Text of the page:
The Magic To Giving Meaningful Feedback
I’m delighted to publish this guest post by 12 year old Sebastian Hurt!
Have you ever given someone feedback, and the minute it came out you wished you stayed quiet?
I was nine years old and attending the National Speaker’s Association Youth camp that takes place during the NSA Conference.
At the time I was a fledgling magician starving for any new trick, so my magical mentor, David Dye, pointed me in the direction of some amazing magicians at NSA. One of them being the awesome “boring meeting vanquisher,” Jon Petz.
Jon and I got to talking and we followed the magician tradition where each performer does a trick. So I did my best rinky dink trick and although I could barely hold a deck of cards, Jon applauded.
He then launched into an elegant, funny and amazing routine. However because I was not ready to be amazed and just accept the awesomeness, I tried to look smart and give him some feedback. I said, “that’s cool. But maybe next time you could do it with a little more youthful enthusiasm.”
I could tell from the horror on my mom’s face that this was not the best choice.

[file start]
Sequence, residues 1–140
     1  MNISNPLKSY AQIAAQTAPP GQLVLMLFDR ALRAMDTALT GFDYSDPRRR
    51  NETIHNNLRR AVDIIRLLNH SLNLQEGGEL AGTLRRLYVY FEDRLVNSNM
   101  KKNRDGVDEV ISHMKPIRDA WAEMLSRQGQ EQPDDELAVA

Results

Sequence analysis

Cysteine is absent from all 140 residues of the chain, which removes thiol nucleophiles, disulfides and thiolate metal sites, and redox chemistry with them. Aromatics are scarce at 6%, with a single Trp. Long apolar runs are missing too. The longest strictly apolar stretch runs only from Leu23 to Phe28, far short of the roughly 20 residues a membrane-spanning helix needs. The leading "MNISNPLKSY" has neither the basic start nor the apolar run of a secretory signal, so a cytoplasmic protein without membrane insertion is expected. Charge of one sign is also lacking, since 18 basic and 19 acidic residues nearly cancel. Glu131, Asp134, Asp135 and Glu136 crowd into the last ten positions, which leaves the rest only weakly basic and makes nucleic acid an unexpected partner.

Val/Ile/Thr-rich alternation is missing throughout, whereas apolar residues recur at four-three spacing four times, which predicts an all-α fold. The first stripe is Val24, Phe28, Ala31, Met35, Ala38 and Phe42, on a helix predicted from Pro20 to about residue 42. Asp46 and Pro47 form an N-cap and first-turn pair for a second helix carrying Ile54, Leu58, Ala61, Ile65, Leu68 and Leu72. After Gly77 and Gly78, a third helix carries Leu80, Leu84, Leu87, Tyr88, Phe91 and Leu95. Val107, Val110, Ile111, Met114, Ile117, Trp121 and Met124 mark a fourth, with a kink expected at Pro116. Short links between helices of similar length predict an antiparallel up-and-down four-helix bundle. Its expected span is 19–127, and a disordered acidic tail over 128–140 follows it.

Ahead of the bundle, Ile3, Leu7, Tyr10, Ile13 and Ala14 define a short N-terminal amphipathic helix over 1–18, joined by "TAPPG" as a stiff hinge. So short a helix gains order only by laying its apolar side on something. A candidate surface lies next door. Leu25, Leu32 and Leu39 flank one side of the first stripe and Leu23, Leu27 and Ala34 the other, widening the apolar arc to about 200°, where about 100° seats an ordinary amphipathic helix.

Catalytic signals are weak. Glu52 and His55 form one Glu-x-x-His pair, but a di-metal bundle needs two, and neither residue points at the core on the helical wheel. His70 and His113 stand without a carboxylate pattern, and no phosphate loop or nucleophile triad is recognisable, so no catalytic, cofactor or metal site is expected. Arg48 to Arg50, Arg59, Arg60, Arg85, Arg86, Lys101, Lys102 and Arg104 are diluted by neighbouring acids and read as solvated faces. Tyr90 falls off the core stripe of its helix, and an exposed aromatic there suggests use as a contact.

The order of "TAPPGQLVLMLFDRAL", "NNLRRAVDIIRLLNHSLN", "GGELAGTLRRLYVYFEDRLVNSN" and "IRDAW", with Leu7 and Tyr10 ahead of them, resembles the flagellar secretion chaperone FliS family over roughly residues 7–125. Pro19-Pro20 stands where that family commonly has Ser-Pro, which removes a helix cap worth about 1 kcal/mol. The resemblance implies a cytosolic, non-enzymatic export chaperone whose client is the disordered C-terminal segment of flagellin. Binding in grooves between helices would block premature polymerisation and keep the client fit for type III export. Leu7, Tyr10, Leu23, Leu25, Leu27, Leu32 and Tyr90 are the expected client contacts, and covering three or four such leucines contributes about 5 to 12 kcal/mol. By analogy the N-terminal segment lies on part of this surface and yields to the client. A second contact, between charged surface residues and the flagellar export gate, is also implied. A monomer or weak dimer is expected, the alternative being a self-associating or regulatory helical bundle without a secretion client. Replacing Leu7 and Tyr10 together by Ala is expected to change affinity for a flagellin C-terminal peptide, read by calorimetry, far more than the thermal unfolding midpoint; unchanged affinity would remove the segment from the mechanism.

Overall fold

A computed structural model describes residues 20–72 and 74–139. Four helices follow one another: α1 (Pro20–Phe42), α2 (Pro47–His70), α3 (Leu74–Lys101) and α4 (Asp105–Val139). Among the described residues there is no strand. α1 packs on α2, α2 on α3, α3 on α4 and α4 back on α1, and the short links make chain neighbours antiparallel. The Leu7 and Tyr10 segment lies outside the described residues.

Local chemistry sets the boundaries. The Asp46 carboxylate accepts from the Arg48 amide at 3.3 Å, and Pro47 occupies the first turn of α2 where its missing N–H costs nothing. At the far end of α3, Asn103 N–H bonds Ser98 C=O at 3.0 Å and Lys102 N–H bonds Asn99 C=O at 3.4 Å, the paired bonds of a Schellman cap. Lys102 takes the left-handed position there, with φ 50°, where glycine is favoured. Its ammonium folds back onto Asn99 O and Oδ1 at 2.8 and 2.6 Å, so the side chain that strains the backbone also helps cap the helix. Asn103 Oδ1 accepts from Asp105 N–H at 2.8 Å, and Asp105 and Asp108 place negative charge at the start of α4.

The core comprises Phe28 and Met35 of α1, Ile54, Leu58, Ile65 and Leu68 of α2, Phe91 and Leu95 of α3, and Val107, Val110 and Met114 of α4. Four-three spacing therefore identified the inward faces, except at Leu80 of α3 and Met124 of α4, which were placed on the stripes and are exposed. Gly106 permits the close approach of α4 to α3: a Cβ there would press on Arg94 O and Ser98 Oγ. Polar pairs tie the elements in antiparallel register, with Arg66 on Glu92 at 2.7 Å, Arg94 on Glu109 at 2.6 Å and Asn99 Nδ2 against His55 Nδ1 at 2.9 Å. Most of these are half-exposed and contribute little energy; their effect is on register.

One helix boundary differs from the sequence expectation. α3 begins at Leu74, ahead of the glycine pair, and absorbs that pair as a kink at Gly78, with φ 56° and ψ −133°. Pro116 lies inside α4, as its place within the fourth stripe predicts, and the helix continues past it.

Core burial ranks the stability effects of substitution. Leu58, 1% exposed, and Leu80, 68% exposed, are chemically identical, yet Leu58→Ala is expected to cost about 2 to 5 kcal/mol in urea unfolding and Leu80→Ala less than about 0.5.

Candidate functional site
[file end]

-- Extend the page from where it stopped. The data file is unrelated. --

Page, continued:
What Jon did next was so funny. He did the next trick and ran around the expo hall floor pretending to get an imaginary crowd hyped up with his youthful enthusiasm.
“How’s that, Seb?”
I learned a lot that day about feedback.
- Never give feedback to impress others.
- Be sure any feedback you give is to help them, not you.
- Don’t take ridiculous criticism too seriously—take it with grace and a laugh.
Now at twelve, I try to balance my youthful enthusiasm with a good dose of confident humility when giving feedback.
What feedback-suggestions can you add to Sebastian’s list?
Sebastian Hurt is a 7th grader who works to make ordinary days magical, and the co-author of Glowstone Peak., a children’s leadership book about courage, influence and hope, which he wrote with his parents, Karin Hurt and David Dye.